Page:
Support for Islington and Hackney families facing fuel poverty this winter
- Credit: John Richie Forsyth
With energy costs rising and thousands of families in Hackney and Islington living in fuel poverty, many will be seeking support.
Sue Bell, chair of trustees of Hackney Foodbank, called the expiry of the £20 Universal Credit uplift, the end of furlough, and the recent energy price cap increase on October 1 "a fatal combination".
"It comes at such a bad time," she said. "We are certainly preparing for a challenging winter at Hackney Foodbank."
The latest figures show that in 2019, 16.4 per cent of Hackney households were living in fuel poverty. The borough has seen 7,666 more families fuel poor since 2015.
In Islington, there were 14,703 or 14.8pc in 2019, with 5,410 more families living in fuel poverty since 2015.
The End Fuel Poverty Coalition, which is made up of many organisations such as Hackney Foodbank, created an index comparing local authorities in England. This scored local authorities out of 100, with the highest ranked having the worst levels of fuel poverty.
Hackney scored 81 on the index and Islington 75, both higher than the average of 67.
The levels of deprivation in both boroughs will leave some families deciding between eating and heating.
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Sue said: "A full time mum we saw recently gave birth to her third child and she was telling us that she has had to move to a bigger place and it costs more than they have.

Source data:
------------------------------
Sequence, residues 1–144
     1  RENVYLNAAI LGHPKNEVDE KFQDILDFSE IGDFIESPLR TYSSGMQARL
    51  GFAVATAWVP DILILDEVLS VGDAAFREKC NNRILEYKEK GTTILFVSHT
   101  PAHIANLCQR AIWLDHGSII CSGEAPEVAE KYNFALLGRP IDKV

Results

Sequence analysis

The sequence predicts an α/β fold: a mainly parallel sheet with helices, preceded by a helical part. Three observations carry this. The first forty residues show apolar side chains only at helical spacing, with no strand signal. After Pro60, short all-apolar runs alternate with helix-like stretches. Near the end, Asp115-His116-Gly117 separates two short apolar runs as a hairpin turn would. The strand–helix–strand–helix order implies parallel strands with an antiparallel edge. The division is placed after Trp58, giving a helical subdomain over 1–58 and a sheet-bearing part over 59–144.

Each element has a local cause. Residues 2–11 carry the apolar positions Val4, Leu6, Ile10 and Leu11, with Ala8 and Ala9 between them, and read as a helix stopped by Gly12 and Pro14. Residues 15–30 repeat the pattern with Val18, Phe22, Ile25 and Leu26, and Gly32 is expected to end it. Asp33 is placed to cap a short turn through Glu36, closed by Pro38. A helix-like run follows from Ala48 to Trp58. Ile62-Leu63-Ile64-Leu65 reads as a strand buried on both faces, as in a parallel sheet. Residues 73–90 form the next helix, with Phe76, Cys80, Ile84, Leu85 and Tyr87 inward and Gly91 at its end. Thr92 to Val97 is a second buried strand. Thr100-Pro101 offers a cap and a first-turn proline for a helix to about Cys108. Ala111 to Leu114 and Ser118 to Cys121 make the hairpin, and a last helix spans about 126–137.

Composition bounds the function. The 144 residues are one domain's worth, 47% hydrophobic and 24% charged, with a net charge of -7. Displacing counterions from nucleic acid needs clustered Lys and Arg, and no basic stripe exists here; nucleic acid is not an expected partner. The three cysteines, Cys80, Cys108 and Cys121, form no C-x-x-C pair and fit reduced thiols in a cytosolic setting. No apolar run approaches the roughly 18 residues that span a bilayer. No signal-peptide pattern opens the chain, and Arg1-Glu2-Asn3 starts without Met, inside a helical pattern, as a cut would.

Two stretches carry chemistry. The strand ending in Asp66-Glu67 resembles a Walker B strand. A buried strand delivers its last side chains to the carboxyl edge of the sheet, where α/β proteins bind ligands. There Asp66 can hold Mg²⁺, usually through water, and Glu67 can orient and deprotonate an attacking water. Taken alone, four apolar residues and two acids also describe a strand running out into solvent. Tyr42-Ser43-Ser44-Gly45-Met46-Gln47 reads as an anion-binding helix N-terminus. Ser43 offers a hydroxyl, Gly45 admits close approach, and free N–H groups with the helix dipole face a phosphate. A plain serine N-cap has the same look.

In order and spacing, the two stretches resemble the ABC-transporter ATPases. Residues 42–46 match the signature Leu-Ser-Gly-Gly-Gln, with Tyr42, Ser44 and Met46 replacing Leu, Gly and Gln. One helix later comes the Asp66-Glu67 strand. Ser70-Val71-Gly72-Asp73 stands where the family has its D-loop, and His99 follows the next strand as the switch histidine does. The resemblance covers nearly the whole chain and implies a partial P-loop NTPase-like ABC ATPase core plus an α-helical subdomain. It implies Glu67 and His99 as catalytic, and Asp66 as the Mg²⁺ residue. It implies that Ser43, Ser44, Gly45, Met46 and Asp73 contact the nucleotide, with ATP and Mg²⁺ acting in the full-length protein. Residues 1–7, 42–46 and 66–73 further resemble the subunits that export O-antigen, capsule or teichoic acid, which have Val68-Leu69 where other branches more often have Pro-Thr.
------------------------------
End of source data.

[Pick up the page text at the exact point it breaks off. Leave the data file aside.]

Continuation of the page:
"The money they do have is spent on rent and bills leaving them with little money for food."
Sue reports that data from the Trussell Trust, the charity which supports a network of foodbanks across the UK, shows worrying trends.
"There has definitely been an increase in pensioners coming into food banks in the past couple of years and also, in our last annual report for the year ending 2020 more than 25 per cent of beneficiaries were children of primary school age."
That is why the chair of trustees said there needs to be more long-term, sustainable solutions to help people out of poverty.
She adds that the response, particularly throughout the pandemic has been "a little bit crisis driven".
Sue advises that people struggling to pay their energy bills first get in touch with Citizens Advice Bureau, an organisation which gives fuel vouchers to people in need.
Other organisations that provide help and support include Shelter, Fuel Poverty Action, National Energy Action and the Centre For Sustainable Energy which has recently published energy saving tips and advice.
Sue also recommends support from charities like Age UK and Mind.
The Seasonal Health Intervention Network (SHINE), located within Islington Council and run by the Energy Advice Service, can also provide support as a fuel poverty referral network and free energy advice service for Londoners.
SHINE, which was set up by Islington Council in 2010 and later expanded to help households at risk of fuel poverty across the capital, offers a helpline and affordable warmth interventions to help households save on energy bills and stay warm.
Find out more about SHINE at shine-london.org.uk
If you can't hear or speak on the phone, type what you want to say to 18001 then 0800 144 8884
For support from Age UK Islington call 0207 281 6018 or visit www.ageuk.org.uk/islington
For advice and support from Age UK Hackney call 020 72497149, email firstname.lastname@example.org or drop in to 22 Dalston Lane from 9.30am-1pm every Monday and Wednesday.
Learn more about Mind in Islington at www.islingtonmind.org.uk
Or get in touch with Mind in the City and Hackney at www.mindchwf.org.uk
For advice on your rights when dealing with energy companies visit Fuel Poverty Action www.fuelpovertyaction.org.uk
Contact National Energy Action for warm and safe homes advice by calling 0800 304 7159 or visit www.nea.org.uk/member-of-the-public
For resources on how to keep your home warm and heated efficiently, visit Centre For Sustainable Energy at www.cse.org.uk/resources